Factors that threaten pollinator health

Most researchers agree that a combination of factors is causing declines in bee and pollinator populations, including loss of habitat or flowers that provide pollen and nectar, pesticide exposure, parasites and pathogens.

May 1, 2019 - Author: , MSU Entomology; Diane Brown, and Erwin Elsner, ; , MSU IPM; Paula Shrewsbury, Univ. of MD Entomology; Daniel Herms, The Davey Tree Expert Company, Kent, OH; and Cristi L. Palmer, IR-4 Project-Rutgers

Pollinator-friendly flowers.
Help pollinators by planting more flowers. Photo by Rebecca Finneran, MSU Extension.

Most researchers agree that a combination of factors is causing declines in bee and pollinator populations, including loss of habitat or flowers that provide pollen and nectar, pesticide exposure, parasites and pathogens. Each of these has been found to negatively affect bees, but there is also evidence the combination of stresses is especially harmful. Bees and other pollinators depend on flowers for food – nectar provides carbohydrates, while pollen is their source of protein and is necessary for them to rear their young. Flowerless landscapes like mowed lawns with strict weed control or heavily paved areas of cities and fields with no plant diversity contain little food for bees, which leads to poor nutrition and compromised immune systems. Nutritionally weakened bees are more susceptible to disease and pesticides.

Many pests and pathogens also affect bees. The Varroa mite, a parasite of honey bees, is one of the most destructive factors causing honey bee decline. Other parasites and pathogens may become a more serious problem in hives weakened by Varroa mite.

In some cases, the flowers that bees forage on have pesticide (not just insecticide) residue on the petals or in the nectar and pollen. These chemicals can kill bees directly or cause a variety of sublethal effects such as impairing their ability to find their hive or provide food for their larvae. The toxicity of pesticides for bees ranges from highly toxic to relatively safe, depending on the specific chemical and the exposure. In some cases the impacts are worse when pollinators are exposed to combinations of pesticides. Since bees forage through a wide range of landscapes, they may be exposed to a complex mixture of many different chemicals.

One group of pesticides, the neonicotinoids, has recently been studied intensively by scientists to determine their impact on bees, primarily because of their widespread agricultural use on field crops. “Widespread” means that over 50% of the 89 million acres of soybeans and over 90% of the 88 million acres of corn planted in the USA in 2018 were planted using seed coated with a systemic neonicotinoid insecticide. However, in urban areas neonicotinoids used by homeowners in yards and gardens may be just as important.

Neonicotinoids are a class of insecticide that acts on the insect’s nervous system. They are more selective, having greater toxicity for insects than mammals, and safer for humans to use than most old classes of insecticides. They are toxic to insects when ingested or through direct contact. The most widely used neonicotinoids – imidacloprid, thiamethoxam, clothianidin and dinotefuran – are all highly toxic to bees. Products containing these active ingredients have bee-warning boxes on the label with important instructions for limiting bee exposure that must be followed. However, corn and soybean seed coated with a neonicotinoid do not have bee-warning labels. Neonicotinoids move upwards in xylem sap internally within plants when applied to the plant’s base (to roots via a soil application, or to the stem via injection or a basal spray), where they can later reach nectar and pollen. Pesticides remain primarily in leaf tissue following a foliar spray.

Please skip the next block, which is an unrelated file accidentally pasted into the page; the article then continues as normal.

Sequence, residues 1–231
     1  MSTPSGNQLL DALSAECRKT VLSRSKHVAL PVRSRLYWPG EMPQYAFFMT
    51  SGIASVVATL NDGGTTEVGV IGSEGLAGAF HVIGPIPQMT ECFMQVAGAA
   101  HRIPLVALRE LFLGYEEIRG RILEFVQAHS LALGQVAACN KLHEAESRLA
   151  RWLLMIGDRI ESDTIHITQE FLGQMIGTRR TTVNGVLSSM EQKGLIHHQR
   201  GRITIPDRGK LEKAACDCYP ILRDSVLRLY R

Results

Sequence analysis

Neonicotinoids, like most insecticides, will cause significant harm if pollinators come directly into contact with them. This exposure generally occurs when a neonicotinoid is misused and sprayed on a blooming plant or one that will bloom soon, or when bees are exposed to dust of seed-coatings at planting time. However, researchers have found seed-coat treatments to canola seed can be harmful to native bees feeding on canola flowers in fields planted with treated seed.

Pg2-pollinator_protection_box
The pollinator protection section of pesticides with active ingredients requiring a bee-warning.

Bees and other pollinators can also collect contaminated pollen or nectar from treated plants and bring it back to their colony, creating high risk of harm to the colony. Research studies have demonstrated native and honey bees can be harmed by small amounts of pesticides in nectar and pollen. When a neonicotinoid is applied as a soil drench (a dilute solution poured around the plant base), it may persist for a year or more, especially in woody plants, and can also move into weeds or flowers growing over the drenched soil. If some of the insecticide moves into pollen or nectar it may kill bees directly, or act as a stressor to affect larval growth, susceptibility to diseases, navigation or winter survival.

How we manage ornamental landscapes has an impact on two of the most important factors affecting pollinators: habitat quality and pesticide exposure. The following two sections explain the best ways to create and maintain good habitat for pollinators, and how to minimize pollinator exposure to pesticides.

Read the next article in this publication series: Creating and maintaining pollinator friendly habitat

Or return to the beginning of this publication: How to protect and increase pollinators in your landscape

Tags: attracting butterflies, attracting pollinators, bees, best plants for pollinators, dave smitley, enhancing pollinators in urban landscapes, msu extension, pollinator, protecting pollinators, protecting pollinators from pesticides


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